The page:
As for Red, I for one am fed up with all the praise this company gets based on what they deliver or should I say don't deliver, the elitism that surrounds the camera and that they have set an industry standard for high def in the future. With what CG renders?
Nonsense! let them put something new on the market that people can work with and buy without being on "Jim's A list" and let them meet a deadline or at least come close. I don't find the arrogant " We reserve the right to lead you on and you will not complain" acceptable. They are still selling the same camera, the Red One and the "new version" "Epic" has been "coming" for quite some time.The name is well deserved. The famous Scarlet has been "re-thought" several times and the latest version is a CNC machined block of aluminum. Jannard is a great marketer/Pied Piper and has managed to garner quite a following. I am not among them.
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Old June 1st, 2009, 09:42 AM   #9
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Originally Posted by Xavier Plagaro View Post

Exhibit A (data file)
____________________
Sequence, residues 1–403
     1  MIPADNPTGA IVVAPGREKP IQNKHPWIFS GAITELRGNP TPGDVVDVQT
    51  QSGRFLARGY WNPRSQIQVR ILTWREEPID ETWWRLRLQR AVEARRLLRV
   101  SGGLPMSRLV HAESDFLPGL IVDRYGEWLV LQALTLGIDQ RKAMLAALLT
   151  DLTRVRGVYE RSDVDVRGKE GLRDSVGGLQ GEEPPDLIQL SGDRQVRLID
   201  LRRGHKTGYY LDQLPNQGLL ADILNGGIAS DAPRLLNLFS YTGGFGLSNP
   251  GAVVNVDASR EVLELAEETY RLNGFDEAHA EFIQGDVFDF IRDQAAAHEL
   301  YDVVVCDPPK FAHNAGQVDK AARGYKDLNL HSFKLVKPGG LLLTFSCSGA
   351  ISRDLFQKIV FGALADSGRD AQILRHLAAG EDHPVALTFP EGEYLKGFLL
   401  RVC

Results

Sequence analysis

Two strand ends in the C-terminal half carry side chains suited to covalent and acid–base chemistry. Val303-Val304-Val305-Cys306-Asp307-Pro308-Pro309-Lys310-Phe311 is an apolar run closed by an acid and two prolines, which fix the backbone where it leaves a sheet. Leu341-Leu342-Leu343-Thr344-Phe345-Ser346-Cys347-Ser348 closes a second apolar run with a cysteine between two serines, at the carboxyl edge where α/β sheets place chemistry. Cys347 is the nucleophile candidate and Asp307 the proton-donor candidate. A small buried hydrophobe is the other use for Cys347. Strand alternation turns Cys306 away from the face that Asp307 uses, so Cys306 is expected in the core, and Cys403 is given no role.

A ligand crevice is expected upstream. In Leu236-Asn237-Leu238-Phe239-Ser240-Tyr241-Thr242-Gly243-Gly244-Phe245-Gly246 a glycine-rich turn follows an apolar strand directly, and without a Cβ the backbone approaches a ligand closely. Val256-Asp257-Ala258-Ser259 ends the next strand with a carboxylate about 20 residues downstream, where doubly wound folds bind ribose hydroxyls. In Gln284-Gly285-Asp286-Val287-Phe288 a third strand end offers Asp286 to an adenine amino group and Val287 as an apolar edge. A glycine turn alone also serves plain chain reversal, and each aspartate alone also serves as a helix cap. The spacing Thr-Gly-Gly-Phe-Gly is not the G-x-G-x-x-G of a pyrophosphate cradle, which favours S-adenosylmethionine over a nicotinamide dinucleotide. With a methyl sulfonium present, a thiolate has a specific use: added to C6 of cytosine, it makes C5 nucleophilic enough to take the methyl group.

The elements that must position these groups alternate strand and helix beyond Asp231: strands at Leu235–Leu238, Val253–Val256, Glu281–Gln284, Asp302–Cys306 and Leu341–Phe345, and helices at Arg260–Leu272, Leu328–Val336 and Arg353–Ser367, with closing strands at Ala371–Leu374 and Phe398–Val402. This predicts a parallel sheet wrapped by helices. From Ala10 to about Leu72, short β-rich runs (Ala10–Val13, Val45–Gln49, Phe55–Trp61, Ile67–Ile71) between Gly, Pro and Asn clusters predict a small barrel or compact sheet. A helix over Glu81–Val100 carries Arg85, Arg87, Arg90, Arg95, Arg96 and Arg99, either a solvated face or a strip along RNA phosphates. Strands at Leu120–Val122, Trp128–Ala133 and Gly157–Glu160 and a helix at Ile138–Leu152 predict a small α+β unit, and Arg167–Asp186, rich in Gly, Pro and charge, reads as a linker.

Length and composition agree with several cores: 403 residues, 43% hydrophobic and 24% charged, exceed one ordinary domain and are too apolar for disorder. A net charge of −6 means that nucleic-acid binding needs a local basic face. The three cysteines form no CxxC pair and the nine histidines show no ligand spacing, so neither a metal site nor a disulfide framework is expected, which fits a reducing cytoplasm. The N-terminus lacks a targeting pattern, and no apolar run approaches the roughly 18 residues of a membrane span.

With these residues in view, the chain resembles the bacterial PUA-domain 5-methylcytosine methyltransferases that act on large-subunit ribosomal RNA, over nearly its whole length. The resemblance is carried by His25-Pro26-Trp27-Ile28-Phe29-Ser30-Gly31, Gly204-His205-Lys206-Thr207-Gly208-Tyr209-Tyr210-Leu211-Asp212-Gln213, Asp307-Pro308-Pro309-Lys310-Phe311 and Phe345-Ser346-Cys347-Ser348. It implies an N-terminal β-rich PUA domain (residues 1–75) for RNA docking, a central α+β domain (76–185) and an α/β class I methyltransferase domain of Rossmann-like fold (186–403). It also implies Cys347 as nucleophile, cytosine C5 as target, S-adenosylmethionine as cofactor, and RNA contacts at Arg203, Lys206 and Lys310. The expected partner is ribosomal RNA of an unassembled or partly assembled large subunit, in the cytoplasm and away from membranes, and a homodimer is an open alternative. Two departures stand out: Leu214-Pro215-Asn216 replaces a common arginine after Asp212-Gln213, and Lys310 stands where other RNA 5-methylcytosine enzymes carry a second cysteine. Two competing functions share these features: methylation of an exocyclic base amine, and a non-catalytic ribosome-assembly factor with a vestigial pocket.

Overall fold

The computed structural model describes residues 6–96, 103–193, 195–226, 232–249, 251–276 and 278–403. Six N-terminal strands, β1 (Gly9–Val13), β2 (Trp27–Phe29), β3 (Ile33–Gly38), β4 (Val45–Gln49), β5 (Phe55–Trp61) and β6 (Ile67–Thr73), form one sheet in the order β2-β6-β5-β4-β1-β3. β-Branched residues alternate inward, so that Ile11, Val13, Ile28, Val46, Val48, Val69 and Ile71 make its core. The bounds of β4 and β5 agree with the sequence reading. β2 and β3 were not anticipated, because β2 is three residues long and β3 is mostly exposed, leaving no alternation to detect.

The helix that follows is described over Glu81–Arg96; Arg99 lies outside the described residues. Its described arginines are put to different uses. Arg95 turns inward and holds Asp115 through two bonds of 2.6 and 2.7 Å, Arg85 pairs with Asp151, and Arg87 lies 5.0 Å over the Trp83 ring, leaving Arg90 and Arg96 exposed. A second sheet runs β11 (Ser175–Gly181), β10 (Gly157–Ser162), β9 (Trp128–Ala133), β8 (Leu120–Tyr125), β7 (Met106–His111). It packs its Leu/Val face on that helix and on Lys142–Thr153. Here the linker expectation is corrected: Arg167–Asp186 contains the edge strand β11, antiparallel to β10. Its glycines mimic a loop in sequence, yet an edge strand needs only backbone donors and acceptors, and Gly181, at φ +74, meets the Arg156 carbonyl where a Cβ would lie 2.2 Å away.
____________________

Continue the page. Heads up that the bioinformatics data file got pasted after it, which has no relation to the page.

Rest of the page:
The whole "broadcast" vs "prosumer" division is shallower everyday (as DOF ;-)) thanks to technology running always faster and cheaper. So Sony, Panasonic and JVC, used to sell pro camcorders in the XX.000s are not happy to see them replaced by camcorders in the X.000s. Canon who is the only one of the bigs who never had a "broadcast" department should be the one to lead the way. It never happened.
I agree with you. We seem to be in a ridiculous time when prosumer gear(I'm counting the GH1 and 5D) can actually render better pictures than a lot of professional gear if you subtract the codec limitations.

However, I'm not sure any of manufacturers get it, based on what they've put out lately. JVC and Panasonic continue to release 1/3" CCD cameras. Hopefully Sony has released it's last HDV camera. It could be a lag in development time, but it seems like somebody in some company would be letting on that they're developing large, single sensor CMOS camcorders.

Canon doesn't release products that often from their prosumer video division. I think that they're hoping to get a couple more years out of their HDV product line. Dropping sales could make them rethink that, but if they wait too long they'll get passed up. They also don't have a good codec solution like Sony does with the XDCAM EX (I think that the 5D codec is actually pretty bad).

I'm still optimistic, but skeptical as to how fast this is going to happen. I think it could still be 2 years away. Unfortunately, I need to replace my V1 before that.
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Old June 1st, 2009, 11:35 AM   #10